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Remains of the Roman toy dog reveal its tiny stature and a healthy diet similar to its owners. Source: Martínez Sánchez / University of Granada

Ancient Remains Reveal the Romans Had ‘Toy Dogs’ Too

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Research in Spain reveals that the Romans loved miniature or toy dogs.  In antiquity, many members of the elite had pampered pets. Just as today, many celebrities have ‘toy dogs’ such as chihuahuas. The find is throwing new light on dogs in ancient Roman society and reveals that some may have been killed as part of sacrifices.

A large number of both human and dog remains were unearthed in the Roman necropolis of Llanos del Pretorio. This is situated just outside the walls of ancient Cordoba, which was a major Roman city in the province of southern Hispania.

Rafael Martínez Sánchez, of the University of Granada and his colleagues conducted a major study of the dog remains found at the burial site. The experts examined the morphology of the domesticated animals. This involved employing zoological, paleopathological and biochemistry techniques to analyze the skeletons of the dogs found buried.

Roman Toy Dog

According to Heritage Daily , “at least two different morphologies have been extracted; one of medium size, similar to that of different hunting and racing breeds of today, and another of very small sizes.” One of the dogs was tiny, it was only 9 inches or 20 cm tall at the shoulder. The Times reports that the “canine skeleton bears remarkable similarities to modern breeds.” The structure of the skeleton was remarkably like current small or toy dog breeds, such as the Pekingese.

The canine skeletal remains are the oldest evidence of a tiny toy dog breed from the Roman period. (Martínez Sánchez / University of Granada )

Heritage Daily states that the research had revealed “one of the oldest recognized cases of micromorphic dogs in the whole of the Roman Empire .” The Romans used dogs as watchdogs and for hunting, which was very popular among the elite.

There is a great deal of documentary evidence showing that they also bred and kept small dogs. There are references to them in the works of authors such as Pliny the Elder . Martínez Sánchez told Heritage Daily that “the existence of small dogs as pets, objects of affection and special consideration for their owners has been known since classical antiquity, a fact corroborated by texts, epigraphy and iconography.”

Pampered Roman Pets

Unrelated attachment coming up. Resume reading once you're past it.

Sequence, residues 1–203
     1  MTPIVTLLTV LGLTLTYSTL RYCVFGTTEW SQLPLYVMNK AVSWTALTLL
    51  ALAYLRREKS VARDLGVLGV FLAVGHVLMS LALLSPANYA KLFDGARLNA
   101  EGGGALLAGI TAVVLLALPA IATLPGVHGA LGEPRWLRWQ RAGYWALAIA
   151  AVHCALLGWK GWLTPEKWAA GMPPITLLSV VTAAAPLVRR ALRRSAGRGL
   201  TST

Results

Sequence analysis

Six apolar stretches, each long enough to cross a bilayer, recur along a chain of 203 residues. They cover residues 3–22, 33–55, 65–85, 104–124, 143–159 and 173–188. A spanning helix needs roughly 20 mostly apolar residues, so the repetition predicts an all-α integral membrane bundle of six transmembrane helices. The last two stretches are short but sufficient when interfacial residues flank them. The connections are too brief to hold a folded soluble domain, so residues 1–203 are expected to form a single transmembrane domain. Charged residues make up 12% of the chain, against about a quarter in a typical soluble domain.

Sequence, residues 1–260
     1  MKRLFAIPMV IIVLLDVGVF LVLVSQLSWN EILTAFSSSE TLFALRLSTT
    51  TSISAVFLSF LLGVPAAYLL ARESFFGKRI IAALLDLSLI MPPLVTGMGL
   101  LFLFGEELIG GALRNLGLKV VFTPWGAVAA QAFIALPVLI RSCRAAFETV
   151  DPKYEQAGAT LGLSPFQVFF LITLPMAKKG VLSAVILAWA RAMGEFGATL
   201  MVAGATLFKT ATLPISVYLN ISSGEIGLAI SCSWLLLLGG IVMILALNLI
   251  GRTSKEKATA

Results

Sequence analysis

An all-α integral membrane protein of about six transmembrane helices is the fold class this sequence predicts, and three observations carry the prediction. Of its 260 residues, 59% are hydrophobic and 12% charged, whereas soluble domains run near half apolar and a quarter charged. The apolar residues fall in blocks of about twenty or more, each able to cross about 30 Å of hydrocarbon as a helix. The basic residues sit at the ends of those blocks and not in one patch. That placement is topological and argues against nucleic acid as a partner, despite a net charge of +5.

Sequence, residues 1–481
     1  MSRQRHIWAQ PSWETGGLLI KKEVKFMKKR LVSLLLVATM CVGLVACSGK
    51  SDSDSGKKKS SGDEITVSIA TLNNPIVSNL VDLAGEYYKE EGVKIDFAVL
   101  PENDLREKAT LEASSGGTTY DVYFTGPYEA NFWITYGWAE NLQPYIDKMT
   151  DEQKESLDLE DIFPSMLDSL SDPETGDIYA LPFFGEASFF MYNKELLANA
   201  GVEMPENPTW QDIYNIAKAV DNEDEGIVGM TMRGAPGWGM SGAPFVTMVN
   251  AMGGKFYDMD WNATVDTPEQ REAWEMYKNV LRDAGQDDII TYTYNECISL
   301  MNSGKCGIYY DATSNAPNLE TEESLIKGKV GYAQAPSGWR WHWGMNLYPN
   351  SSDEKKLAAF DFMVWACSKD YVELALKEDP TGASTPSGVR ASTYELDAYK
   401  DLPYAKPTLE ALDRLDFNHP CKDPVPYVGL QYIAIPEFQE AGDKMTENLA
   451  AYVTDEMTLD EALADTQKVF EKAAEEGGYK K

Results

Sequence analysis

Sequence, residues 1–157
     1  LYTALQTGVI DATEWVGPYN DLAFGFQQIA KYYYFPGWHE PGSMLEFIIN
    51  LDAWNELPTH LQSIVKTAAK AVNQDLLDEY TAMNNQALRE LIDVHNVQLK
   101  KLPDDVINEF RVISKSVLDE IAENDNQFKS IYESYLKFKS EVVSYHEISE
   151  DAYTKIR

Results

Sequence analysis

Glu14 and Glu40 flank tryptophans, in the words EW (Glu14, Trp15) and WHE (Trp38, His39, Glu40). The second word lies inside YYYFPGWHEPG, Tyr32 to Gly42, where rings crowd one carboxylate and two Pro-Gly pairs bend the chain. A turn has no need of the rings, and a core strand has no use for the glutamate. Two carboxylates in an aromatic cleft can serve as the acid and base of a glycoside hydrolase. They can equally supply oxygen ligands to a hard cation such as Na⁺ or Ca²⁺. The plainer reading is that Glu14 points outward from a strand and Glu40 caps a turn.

Based on the remains the experts have been able to establish what the tiny pooch looked like. The Daily Mail reports that it had large “bulging eyes bugging out of a small skull, the animal may have appeared to be somewhat similar to the Pekingese breed.” This was backed up by analysis that showed that like many pampered pets today it had generally the same diet as its owners. 

The ≈ toy dog found is thought to be similar to modern Pekingese bread. ( deviddo / Adobe stock)

The dog was likely owned by a member of the elite and probably a female. The little pooch was very well-treated at a time when animal cruelty was the norm and indeed when savage violence was routinely inflicted on people of all ages and classes. According to The Daily Mail , the recent study suggests “the treatment of smaller dogs may have been more in line with the caring nature of modern pet owners.”

The skull of the Roman toy dog examined. (Martínez Sánchez / University of Granada )

International Animal Trade

The little dog was probably a pet and was probably a status symbol. It is believed that women used dogs like hot water bottles to keep themselves warm and also to relieve stomach pains. According to The Times , “it is believed to have originated thousands of miles east from its resting place.” This is proof that there existed a long-distance trade in dogs, just as there was one, in exotic animals, such as elephants. Rare animals were regarded as “luxury items”, The Daily Mail quotes Martinez Sanchez.

The dog, based on an analysis of its teeth, lived to adulthood. Inside the skeleton was found a smaller set of bones and this indicates that the animal was pregnant at the time of its death. Despite being pampered and spoilt in life by its owners, the tiny dog met a violent and terrible death.

Dog Killed and Sacrificed

There is evidence that the ancient lapdog’s neck was deliberately broken.  It has long been known that the ancient Greeks and Romans sacrificed dogs as part of religious ceremonies. They were thought to appease the gods of the underworld and could even prolong a person's life.

It is also thought that they were killed to persuade the gods to look favorable on a recently deceased person.  The study may have revealed that the little pooch was killed during the funeral of her mistress, possibly to accompany her to the realm of the dead or as an offering.

These discoveries could change our views on the role of dogs in Roman society. Some small dogs were clearly valued and were even spoilt, like the dogs of the modern rich and famous. That is unless they were selected for sacrifice, then they were doomed to a premature and cruel death.

Top image: Remains of the Roman toy dog reveal its tiny stature and a healthy diet similar to its owners. Source: Martínez Sánchez / University of Granada

By Ed Whelan

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